Sandia National Laboratories (SNL) is actively seeking partners to conduct research in the newly opened Cybersecurity Technologies Research Laboratory (CTRL). SNL held the grand opening for the facility at the Livermore Valley Open Campus on June 12. The CTRL offers the capability to run experiments and freely discuss a wide range of cyber research issues. Additionally, U.S. and international users can collaborate without some of the unrelated restrictions that are often associated with a national laboratory.
The Internet isn't any safer now than in 1982 when it began as a four-node network connecting a handful of U.S. Defense Department academics to exchange digital files. This revelation comes despite efforts over the years to patch holes and conceive mighty notions that safe Internet usage is achievable. In his viewpoint article, "Cybersecurity Policy and Strategy Need a Dose of Reality" by Contributing Editor Col. Alan D.
EmeSec Incorporated, Reston, Virginia, recently announced that it has been awarded a $1.3 million follow-on contract with the U.S. Air Force Medical Services (AFMS) Office of the Chief Information Officer's Information Assurance Division. The company will focus on providing information assurance (IA) engineering services for a variety of systems and applications supporting 74 Air Force sites. Additionally, the company will deliver certification and accreditation service support. EmeSec will perform risk-management and information security controls evaluation and technical testing to bolster AFMS' security posture.
Although outside adversaries constantly attempt to gain access to U.S. Defense Department networks, cybersecurity leaders within the Marine Corps agree that internal user errors and attempts to skirt security measures pose the biggest threat. News Editor Rita Boland discusses these dangers in her article "Cybersecurity, Marine Corps Style" in the March issue of SIGNAL Magazine.
It's not always easy to enforce the U.S. military's rules on the use of mobile devices, said John Wilcox, chief information officer and director of command, control, communications and computers, U.S. Special Operations Command.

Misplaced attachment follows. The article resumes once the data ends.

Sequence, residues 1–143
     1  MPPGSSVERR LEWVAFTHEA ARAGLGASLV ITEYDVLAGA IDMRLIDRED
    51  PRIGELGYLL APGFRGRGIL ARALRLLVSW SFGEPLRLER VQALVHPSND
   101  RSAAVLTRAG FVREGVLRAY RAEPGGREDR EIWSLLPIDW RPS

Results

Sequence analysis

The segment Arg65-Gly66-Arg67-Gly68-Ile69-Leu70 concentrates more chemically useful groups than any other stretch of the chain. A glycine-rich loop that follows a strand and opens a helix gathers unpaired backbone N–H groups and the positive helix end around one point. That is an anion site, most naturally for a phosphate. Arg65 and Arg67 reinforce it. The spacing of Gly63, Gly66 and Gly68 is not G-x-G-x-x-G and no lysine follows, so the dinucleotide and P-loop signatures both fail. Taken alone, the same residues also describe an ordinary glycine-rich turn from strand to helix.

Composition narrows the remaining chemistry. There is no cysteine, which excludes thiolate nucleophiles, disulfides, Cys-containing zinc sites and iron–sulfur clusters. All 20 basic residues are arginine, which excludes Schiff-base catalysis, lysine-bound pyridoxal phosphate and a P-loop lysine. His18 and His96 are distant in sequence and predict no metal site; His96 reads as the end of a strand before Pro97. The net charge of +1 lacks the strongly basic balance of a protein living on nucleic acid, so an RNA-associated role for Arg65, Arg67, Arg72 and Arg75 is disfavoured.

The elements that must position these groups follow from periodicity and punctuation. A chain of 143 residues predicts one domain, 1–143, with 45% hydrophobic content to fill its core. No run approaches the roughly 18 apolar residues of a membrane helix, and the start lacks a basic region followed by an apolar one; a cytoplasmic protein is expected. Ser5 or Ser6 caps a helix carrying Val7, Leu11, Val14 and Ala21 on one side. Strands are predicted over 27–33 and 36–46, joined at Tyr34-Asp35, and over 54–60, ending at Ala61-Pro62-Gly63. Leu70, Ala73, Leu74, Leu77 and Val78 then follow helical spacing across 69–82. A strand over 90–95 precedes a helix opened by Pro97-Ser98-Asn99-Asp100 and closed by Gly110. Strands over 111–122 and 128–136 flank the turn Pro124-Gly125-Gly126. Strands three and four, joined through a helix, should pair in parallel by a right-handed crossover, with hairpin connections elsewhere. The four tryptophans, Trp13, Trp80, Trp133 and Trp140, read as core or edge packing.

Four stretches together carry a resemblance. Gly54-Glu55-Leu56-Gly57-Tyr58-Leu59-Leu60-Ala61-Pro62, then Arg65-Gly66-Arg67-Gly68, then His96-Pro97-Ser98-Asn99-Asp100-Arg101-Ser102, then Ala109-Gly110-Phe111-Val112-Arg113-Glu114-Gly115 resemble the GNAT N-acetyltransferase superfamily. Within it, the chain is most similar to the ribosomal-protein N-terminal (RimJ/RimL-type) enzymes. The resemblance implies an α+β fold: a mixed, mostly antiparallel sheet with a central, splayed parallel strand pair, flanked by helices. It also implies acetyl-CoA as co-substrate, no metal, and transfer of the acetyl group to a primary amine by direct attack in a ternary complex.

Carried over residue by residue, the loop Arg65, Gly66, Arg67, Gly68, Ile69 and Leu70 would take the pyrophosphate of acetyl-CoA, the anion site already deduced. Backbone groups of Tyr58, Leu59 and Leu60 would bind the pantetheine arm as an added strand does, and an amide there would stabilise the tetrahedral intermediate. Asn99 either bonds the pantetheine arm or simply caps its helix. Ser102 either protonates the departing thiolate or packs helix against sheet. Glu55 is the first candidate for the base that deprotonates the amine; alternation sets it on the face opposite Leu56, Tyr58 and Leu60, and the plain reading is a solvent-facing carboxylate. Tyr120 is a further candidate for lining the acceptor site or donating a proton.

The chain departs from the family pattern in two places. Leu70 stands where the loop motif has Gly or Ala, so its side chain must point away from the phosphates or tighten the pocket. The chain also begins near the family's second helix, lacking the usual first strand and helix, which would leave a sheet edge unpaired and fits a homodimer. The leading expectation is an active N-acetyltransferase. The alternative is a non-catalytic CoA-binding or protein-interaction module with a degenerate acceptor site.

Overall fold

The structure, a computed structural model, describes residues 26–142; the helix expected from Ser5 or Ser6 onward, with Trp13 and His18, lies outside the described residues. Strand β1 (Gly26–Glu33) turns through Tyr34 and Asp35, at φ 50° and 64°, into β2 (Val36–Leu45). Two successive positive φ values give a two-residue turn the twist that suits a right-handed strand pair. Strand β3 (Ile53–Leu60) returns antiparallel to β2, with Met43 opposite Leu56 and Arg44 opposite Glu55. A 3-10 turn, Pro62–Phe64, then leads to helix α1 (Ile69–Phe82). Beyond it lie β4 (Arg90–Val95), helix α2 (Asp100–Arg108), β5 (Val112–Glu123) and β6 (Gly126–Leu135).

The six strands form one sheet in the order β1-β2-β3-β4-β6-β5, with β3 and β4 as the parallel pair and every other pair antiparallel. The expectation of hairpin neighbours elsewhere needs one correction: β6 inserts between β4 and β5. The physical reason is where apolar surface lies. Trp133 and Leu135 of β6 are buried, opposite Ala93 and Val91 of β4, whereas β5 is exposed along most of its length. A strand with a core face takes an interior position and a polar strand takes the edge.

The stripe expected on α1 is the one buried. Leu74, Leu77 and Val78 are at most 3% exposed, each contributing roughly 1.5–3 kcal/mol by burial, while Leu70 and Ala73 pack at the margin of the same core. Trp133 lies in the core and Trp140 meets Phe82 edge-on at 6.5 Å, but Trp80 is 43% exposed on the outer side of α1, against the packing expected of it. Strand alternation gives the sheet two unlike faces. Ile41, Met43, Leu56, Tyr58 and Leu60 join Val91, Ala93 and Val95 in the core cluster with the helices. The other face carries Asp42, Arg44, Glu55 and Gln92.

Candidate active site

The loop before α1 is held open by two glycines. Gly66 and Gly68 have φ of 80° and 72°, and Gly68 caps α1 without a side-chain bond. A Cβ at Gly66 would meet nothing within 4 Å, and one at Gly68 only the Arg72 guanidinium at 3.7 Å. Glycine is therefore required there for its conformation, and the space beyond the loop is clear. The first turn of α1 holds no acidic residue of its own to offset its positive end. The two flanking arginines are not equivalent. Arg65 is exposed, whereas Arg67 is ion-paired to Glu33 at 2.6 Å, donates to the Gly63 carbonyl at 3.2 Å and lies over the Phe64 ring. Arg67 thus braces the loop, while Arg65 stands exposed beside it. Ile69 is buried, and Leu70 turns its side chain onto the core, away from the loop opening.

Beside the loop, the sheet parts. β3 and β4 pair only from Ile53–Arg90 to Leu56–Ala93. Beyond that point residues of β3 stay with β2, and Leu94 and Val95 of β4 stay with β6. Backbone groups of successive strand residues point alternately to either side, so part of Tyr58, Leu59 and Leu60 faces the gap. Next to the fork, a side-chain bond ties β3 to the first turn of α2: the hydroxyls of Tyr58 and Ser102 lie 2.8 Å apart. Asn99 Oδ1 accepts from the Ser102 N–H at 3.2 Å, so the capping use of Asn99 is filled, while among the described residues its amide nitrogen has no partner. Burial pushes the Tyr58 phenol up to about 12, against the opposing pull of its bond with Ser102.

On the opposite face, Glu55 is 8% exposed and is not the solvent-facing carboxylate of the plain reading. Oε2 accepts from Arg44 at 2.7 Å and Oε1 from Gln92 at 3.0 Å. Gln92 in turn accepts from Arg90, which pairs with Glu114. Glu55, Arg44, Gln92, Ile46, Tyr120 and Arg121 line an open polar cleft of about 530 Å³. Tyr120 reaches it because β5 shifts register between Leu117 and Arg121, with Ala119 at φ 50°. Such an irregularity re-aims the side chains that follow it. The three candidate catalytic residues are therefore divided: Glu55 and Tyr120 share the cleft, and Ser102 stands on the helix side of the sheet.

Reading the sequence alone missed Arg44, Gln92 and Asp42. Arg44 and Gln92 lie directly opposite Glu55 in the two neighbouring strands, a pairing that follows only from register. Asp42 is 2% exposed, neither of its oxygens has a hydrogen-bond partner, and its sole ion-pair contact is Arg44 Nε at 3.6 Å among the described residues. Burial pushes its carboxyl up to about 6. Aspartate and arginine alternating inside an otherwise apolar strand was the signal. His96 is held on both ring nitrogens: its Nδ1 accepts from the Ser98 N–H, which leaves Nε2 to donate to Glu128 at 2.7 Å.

"To give dirty laundry, quite frankly, I know I have some devices that probably shouldn't be out there. Sometimes you want to look the other way, because you want to give the warfighter what they need; other times you want to say, what's that going to do for this network and for the connections back to the [Global Information Grid]?" he said.
In a time when government agencies and industry must tighten their belts, it may be a cloak that saves the security day. While discussing best practices in securing the cloud at the AFCEA International Homeland Security Conference, panelist Tim Kelleher, vice president of professional services, BlackRidge Technology, shared details about his company's approach to stopping cybermarauders in their recon tracks. The technique is called cloaking, and Kelleher used caller ID to describe how his company's solution could improve cybersecurity not only in future environments but in current networks as well.
Amazing anecdotes kept the audience entertained during the lunch session at the AFCEA International Homeland Security Conference. The experts spoke about a serious subject: cyberwar. But the stories about their hands-on experiences in learning how to fight cyberwars, how they've fought cyberthreats and what they believe is needed to prepare future cyberwarriors kept conference attendees enthralled. Among the panelists was Maj. T.J. O'Connor, USA, 10th Special Forces Group (A), S-6. While attending the U.S. Military Academy, Maj. O'Connor had some time on his hands that led him to learn how best to defeat cyberattacks.